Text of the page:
Dr. Salvino, Cannon's expert, originally gave as her opinion in her affidavit pursuant to OCGA § 9-11-9.1:(1) that Dr. Jeffries was negligent in failing to test for a chlamydia infection in the mother, and that this failure "may have contributed to the premature rupture of membranes"; and (2) that Dr. Jeffries was negligent in delaying an emergency cesarean section and that the delay "causally contributed to the death of the newborn child, which was caused by hypoxia." On her deposition, however, Dr. Salvino substantially qualified her opinions based upon other facts in the case that apparently were not known to her at the time she made her affidavit.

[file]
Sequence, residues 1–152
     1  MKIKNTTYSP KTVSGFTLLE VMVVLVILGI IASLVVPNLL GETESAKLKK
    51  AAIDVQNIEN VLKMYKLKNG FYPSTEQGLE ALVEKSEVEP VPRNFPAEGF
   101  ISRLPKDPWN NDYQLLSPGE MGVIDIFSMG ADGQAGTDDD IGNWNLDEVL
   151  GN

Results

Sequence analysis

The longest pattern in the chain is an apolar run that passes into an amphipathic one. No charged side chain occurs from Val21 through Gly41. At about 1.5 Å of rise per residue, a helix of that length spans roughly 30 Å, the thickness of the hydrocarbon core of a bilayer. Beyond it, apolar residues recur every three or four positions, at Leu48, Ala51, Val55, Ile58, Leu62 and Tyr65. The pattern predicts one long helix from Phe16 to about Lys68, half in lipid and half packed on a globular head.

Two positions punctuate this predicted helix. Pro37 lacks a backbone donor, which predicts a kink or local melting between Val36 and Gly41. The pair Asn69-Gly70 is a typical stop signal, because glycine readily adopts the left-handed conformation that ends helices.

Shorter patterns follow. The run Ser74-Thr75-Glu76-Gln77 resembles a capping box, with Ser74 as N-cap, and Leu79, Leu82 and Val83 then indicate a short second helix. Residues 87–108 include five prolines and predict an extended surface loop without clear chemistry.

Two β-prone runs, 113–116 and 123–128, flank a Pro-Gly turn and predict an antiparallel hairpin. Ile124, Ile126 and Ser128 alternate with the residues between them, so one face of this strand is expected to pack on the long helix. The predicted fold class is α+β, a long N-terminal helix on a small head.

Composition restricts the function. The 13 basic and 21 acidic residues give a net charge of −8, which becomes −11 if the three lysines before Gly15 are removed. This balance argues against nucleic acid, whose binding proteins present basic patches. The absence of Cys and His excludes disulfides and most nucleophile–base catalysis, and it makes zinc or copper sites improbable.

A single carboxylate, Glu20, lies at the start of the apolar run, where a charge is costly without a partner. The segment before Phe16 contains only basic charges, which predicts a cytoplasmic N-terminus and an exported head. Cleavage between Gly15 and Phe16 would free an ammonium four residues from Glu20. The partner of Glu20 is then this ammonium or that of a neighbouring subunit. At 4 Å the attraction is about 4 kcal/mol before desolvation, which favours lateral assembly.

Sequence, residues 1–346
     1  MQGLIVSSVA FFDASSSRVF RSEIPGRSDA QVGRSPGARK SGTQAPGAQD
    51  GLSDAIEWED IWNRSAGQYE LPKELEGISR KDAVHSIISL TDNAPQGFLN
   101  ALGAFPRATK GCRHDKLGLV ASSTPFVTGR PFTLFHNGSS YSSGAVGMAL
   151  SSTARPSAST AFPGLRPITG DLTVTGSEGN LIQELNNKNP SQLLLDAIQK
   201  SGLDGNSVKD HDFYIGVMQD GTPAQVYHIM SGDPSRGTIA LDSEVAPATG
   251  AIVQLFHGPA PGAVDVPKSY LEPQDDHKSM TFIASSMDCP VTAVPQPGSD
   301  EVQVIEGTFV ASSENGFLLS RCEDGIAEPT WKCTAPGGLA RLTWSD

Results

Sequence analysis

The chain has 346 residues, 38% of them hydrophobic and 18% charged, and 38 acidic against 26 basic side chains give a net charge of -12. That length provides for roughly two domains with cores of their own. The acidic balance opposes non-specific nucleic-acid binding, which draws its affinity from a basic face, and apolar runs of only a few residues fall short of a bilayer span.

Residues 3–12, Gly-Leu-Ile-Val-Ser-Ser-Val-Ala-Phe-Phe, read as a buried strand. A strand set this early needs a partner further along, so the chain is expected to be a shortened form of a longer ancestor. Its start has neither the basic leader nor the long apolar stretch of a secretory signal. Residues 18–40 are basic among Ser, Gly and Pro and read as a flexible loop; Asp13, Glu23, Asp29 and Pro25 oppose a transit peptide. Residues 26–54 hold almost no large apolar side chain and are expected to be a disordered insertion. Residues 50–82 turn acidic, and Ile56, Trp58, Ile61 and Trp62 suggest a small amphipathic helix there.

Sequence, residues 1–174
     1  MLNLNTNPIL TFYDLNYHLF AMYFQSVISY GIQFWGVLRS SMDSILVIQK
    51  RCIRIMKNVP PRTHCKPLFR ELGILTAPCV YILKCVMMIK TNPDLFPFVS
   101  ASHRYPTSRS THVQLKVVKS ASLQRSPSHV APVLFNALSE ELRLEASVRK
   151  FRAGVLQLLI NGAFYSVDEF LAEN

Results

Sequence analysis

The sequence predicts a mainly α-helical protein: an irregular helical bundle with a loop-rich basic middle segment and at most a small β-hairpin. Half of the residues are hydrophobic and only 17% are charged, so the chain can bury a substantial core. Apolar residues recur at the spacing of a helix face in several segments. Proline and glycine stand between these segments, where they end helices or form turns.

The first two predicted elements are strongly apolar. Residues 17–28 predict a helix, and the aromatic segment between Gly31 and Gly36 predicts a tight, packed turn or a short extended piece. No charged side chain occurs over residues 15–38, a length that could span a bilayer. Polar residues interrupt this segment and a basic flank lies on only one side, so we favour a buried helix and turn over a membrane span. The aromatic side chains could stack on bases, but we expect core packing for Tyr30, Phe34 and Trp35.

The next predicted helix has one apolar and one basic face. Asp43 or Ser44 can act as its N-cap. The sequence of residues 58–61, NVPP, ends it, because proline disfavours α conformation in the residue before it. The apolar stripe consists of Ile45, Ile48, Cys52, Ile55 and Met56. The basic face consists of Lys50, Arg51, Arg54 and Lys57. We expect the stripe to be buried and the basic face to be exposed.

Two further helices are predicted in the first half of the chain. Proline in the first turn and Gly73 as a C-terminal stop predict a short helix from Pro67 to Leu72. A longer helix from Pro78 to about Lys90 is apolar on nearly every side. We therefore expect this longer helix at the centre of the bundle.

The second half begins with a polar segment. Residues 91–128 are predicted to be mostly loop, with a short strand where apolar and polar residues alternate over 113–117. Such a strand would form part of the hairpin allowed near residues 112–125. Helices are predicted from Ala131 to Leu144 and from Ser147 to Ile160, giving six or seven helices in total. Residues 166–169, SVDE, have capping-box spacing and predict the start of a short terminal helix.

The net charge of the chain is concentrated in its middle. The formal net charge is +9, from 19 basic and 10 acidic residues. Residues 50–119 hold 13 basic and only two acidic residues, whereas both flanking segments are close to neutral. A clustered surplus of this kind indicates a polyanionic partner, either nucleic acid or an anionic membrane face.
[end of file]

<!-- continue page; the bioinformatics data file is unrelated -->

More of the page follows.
1. We first address the trial court's conclusion that Cannon failed to show causation on the issue of chlamydia testing. Asked if she could testify to a reasonable degree of medical certainty what factor caused Cannon's preterm labor, Dr. Salvino responded that she could identify "the two things that I think may have. Can I tell you exactly, nobody can." Later in her deposition, asked if she could tell to a reasonable degree of medical certainty that chlamydia caused the preterm labor, she responded, "No, sir, but I can't tell you it's not either." She was unwilling to "give ... an exact number" with regard to the increased risk caused by a chlamydia infection. Although chlamydia might have caused premature labor, Dr. Salvino also testified that she "would not be very surprised given the way this thing evolved to find that this woman had an incompetent cervix." Cannon had "a history of two elective abortions and of a cervical surgery, both of which are risk factors for weakening of the cervix." She also testified that the "largest category of preterm labor" is idiopathic, that is, a condition for which there is no known cause.